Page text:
Sometimes I'm surprised when I read other people's blogs about how much football they watch on television. Maybe they don't have much of an option, but as these days there seem to be so many television channels from which to choose, I'm sure it's done out of choice. I can't stand watching football on television. My son does it and I have to leave the room or read a book.
Even when I was young, I never liked watching football. Sure, I used to watch the FA cup final, but halftime would normally find me in the garden, kicking a ball about myself. I did go to a few football games in person, but being small (and in those days I was even smaller), I could never see anything.
Even if I can see what's happening (ie via the television screen), football strikes me as being very boring. One waits all the game for the possibility that someone might score a goal. Nick Hornby finds this entertaining, but I don't.
Around the age of ten, I started watching rugby and found this much more fulfilling. A few years later I had a season ticket to Bristol RFC (whose ground was a long walk from my home), and as a junior I could stand in the members' enclosure and normally have a very good view. But around the age of fourteen or fifteen, I found other things to do with my time, and so my rugby watching was relegated to the five nations cup (as it was then) only.
I was also very keen on watching (and playing) cricket from an early age. Whatever 'natural' desire was no doubt encouraged by the fact that I went to junior school with the son of a professional cricketer. We were friends before I knew this - and probably wouldn't have understood at the age of nine the concept of someone whose job it was to play cricket all day. In the summer I used to watch complete county games - three or four days - which seemed a pleasant way to spend the time.
Later on, of course, there was no way that I could devote this amount of time to watching a game. As I was never very happy with the one day version of the game, I find it difficult to watch cricket on tv, as a few snatched minutes lack the grandiosity and continuity of the full game.
I was also a Wimbledon fan; somehow the tournament always coincided with exam time at school (when we would be at home, nominally revising), so I used to be able to watch a tremendous amount of televised tennis.
Long years passed. These days I content myself by watching basketball on television, primarily Maccabi Tel Aviv in the Euroleague. After years of stumbling around and being moderately successful, they suddenly took off at the end of the nineties, and since then have won the European championship several times, including two consecutive years. Although this year they still have mainly the same team as last year, the magic is beginning to wear off - or maybe other teams are catching up and learning how to counter Maccabi.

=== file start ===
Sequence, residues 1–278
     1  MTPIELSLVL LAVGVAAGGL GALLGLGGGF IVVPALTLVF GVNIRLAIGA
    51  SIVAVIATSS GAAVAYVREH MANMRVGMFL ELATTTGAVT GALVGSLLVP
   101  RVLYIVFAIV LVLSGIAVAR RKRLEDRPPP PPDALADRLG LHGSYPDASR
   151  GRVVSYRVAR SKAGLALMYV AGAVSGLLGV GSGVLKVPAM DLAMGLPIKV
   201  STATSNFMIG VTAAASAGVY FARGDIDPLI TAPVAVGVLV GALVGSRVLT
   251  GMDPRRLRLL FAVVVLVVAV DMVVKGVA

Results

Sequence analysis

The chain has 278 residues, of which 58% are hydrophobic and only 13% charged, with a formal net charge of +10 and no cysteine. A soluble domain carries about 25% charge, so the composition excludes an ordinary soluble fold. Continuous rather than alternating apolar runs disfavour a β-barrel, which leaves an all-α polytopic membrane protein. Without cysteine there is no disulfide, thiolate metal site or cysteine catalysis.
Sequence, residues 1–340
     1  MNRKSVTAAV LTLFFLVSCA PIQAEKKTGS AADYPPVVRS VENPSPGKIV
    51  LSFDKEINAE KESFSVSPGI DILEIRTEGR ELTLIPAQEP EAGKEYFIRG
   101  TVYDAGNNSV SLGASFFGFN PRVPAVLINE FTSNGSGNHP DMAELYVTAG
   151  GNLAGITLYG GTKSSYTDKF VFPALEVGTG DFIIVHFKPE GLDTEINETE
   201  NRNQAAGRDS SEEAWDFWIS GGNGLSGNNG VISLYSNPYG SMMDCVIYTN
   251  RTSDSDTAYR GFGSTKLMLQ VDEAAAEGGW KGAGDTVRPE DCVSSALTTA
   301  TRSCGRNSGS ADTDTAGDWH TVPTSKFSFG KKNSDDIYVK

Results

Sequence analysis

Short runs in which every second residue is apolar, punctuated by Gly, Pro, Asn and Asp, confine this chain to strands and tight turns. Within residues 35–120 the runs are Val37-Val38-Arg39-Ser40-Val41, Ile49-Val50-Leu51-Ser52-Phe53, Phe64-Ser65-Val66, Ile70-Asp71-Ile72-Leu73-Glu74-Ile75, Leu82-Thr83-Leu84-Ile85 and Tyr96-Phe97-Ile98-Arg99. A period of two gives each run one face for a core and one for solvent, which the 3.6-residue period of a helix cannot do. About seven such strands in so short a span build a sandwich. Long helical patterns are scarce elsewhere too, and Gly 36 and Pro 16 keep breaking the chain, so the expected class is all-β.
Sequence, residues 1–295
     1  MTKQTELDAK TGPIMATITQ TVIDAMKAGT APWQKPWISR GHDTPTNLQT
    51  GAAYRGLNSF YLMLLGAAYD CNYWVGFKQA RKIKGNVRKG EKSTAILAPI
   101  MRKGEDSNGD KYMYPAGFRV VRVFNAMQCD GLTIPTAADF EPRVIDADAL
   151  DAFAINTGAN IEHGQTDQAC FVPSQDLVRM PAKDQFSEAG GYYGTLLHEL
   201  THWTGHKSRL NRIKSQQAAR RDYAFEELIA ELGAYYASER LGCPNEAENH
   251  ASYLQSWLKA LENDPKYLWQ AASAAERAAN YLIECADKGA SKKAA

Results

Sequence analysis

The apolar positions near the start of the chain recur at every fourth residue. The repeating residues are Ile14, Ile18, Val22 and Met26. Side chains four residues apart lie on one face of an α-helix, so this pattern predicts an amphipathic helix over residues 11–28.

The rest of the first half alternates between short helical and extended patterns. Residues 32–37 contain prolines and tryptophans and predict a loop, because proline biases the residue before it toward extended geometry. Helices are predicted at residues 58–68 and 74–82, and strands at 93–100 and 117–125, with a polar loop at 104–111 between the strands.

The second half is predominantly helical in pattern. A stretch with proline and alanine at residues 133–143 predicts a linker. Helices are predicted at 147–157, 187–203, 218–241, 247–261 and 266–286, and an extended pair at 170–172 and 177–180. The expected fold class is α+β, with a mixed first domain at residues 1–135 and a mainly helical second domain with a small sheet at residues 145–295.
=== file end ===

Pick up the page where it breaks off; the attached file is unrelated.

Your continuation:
Although it's pleasant to be on the winning side, that isn't the reason why I watch basketball. It's relatively short (the game lasts 40 minutes, so if last night the game started at 8:45pm, it was over by 10:30pm), there's plenty of action, excitement and upsets, and above all it's a tactical game which appeals to my cerebral nature. Football these days seems to be a bunch of people kicking a ball about between themselves, often losing ground at the same time, whereas basketball is something completely different. The 24 second clock has a great deal of influence, of course.
And just to round off: no, I don't like watching NBA. I find it too perfect compared to European basketball and too personal, whereas the European game has a certain amount of imperfection (players don't always make their baskets - far from it!) and there's more emphasis on team playing.
Last night's game had all the adventure and drama of an Oscar winning film. Whilst the opening was fairly balanced, Turkish team Ulker pulled ahead in the second quarter and soon were leading by 18 points. As has happened several times this year, it seemed that they could do no wrong whereas Maccabi could do nothing right. But slowly slowly Maccabi started pulling back and lowering the lead until finally at the beginning of the fourth quarter, Maccabi took the lead - and didn't look back.
Last week it was Real Madrid, the mythological opponent from the 80s. I have to say that Real 'maccabied' Maccabi. Real played extremely well and did all the correct things in order to beat Maccabi convincingly.
There are many fanatical Maccabi fans (I suppose all fans are fanatical - that's where the word comes from), but I wouldn't count myself as being one. Far from it! I wouldn't even count myself as a fellow traveler or weekend fan - primarily because I enjoy the game itself, and if one team plays very well (be it Maccabi or Real), then hopefully I will enjoy their mastery and skills.
For me, it's only entertainment, not a matter of life and death. It's a permanent date on a Thursday evening for most of the year.